The magazine has been reader-supported since its last relaunch in 1990. It will continue to publish without ads in its new incarnation. As part of its general plan to attract young readers without alienating its 200,000 core readers, Ms. promises a number of newfangled ventures, including a Web site set to launch sometime in the months ahead, and merchandising ventures. "Ms. clothing is a possibility, maybe even makeup," says a magazine spokeswoman, who acknowledges there has been talk of possible Ms. bikinis. "We want to do things that are consumer-oriented, that are fun," she says.
Meanwhile, over at Testosterone Central
Maxim, the wildly successful men's magazine about sex, sports, beer and gadgets, is betting that a Brit knows what American guys really want. Mike Souter, the driving force behind Britain's equally wildly successful babe-filled bloke's book, FHM, will cross the pond to helm Maxim.
In a press release Wednesday, Maxim said, "Mike drove FHM from being a free magazine given away in fashion outlets through the half-million paid copies mark in just three years." Souter has not yet arrived in the country and could not be reached for comment.
FHM is the largest-selling monthly magazine in Europe, and its imminent arrival (an American version plans to launch this summer) has men's mags a little nervous.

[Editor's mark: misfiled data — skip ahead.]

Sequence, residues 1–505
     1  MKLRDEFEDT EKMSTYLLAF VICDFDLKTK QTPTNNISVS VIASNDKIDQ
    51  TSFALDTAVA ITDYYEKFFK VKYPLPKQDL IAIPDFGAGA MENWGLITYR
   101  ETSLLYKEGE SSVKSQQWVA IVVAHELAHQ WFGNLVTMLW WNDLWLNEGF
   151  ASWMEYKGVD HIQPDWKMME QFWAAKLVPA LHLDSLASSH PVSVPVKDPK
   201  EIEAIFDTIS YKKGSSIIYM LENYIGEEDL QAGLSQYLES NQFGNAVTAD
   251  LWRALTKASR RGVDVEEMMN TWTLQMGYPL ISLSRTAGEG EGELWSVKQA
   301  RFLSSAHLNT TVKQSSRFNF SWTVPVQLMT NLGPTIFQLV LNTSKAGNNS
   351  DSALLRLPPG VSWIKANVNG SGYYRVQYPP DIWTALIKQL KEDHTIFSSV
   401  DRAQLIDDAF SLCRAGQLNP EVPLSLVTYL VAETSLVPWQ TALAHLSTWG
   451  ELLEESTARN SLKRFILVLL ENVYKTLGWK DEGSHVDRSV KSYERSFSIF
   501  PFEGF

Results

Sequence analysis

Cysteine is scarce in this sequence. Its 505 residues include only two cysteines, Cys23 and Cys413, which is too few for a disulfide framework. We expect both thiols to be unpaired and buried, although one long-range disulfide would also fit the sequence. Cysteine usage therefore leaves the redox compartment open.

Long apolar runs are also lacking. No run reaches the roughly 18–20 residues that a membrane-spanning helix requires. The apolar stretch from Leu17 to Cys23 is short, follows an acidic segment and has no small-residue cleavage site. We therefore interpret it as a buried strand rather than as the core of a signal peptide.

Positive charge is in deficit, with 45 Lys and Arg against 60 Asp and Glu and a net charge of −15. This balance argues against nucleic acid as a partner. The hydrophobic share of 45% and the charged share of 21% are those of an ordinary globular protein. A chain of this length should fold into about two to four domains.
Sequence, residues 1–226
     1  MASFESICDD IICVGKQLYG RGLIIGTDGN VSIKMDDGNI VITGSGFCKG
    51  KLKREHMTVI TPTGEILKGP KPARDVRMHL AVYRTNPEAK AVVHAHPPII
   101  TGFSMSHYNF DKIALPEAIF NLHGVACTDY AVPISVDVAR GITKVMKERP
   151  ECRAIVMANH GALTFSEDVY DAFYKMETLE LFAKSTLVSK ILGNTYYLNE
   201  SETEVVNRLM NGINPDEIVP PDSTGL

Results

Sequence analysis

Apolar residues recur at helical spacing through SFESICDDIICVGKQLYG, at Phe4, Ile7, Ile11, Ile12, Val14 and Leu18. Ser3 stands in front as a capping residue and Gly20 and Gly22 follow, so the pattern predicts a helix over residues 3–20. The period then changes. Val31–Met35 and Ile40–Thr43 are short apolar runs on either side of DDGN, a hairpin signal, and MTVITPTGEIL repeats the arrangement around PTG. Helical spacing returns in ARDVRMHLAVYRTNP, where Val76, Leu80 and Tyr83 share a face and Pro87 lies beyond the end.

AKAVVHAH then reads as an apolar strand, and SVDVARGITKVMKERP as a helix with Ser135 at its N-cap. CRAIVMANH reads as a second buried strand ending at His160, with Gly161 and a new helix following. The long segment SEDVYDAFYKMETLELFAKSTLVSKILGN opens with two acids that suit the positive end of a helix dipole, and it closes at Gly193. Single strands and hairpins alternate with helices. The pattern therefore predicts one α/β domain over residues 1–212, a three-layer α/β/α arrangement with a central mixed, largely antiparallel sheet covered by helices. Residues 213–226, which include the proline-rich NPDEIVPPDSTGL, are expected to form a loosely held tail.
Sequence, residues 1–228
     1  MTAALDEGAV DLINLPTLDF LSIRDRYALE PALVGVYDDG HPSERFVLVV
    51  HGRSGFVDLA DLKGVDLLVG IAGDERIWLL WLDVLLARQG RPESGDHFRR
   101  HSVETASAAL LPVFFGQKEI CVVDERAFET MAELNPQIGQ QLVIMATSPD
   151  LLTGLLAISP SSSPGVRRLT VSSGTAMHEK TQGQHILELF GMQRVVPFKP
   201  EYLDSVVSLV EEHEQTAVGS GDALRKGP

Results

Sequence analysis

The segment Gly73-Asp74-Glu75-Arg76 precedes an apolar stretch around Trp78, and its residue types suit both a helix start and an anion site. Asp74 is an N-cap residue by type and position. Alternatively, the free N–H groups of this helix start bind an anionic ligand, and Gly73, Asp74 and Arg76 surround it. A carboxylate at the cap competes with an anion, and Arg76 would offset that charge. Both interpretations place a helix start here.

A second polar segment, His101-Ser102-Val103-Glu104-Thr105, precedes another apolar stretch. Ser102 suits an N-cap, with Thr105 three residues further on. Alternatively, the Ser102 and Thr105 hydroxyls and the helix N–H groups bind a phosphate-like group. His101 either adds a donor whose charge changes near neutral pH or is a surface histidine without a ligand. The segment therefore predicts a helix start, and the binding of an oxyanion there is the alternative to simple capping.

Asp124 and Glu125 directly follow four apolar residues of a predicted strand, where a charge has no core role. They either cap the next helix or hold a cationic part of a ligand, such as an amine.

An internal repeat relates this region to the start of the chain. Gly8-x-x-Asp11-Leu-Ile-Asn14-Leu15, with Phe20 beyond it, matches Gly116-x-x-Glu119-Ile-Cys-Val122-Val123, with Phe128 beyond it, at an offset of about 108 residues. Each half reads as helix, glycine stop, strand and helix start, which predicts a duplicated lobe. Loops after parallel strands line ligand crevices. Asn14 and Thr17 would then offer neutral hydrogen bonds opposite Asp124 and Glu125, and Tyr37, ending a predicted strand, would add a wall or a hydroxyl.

Maxim also announced the appointment of James Kaminsky and Steve Perrine as co-editors. Kaminsky, a senior editor at Condé Nast Sports for Women, told Media Circus, "I have a Maxim sensibility." From the first time he saw it, Kaminsky says, he was "always in love with this magazine -- it's accessible, easy to get into, it talks to guys the way guys talk to each other in bars. It's not like going to a boring poli-sci class and getting lectured." With reliable lingerie spreads and features on subjects such as a year in the life of the man who accepted a $100,000 bet he couldn't get breast implants and keep them for a year (Kaminsky's favorite Maxim piece), Maxim certainly isn't that.
Perrine, who just celebrated his first anniversary as a Cosmo editor and who, prior to that, was the No. 2 editor at Men's Health, describes Maxim as "one of the few places where you can reliably go for a good belly laugh."
Neither Perrine nor Kaminsky has yet met Souter but both co-editors suggested that, under the new team, Maxim would continue to deliver what Perrine termed "relevant but irreverent" content. "Given Maxim's great success, Kaminsky says, "we're not going to throw the baby out with the bath water, but we might make the baby a little more useful around the house and a little smarter." More service pieces are likely, he says.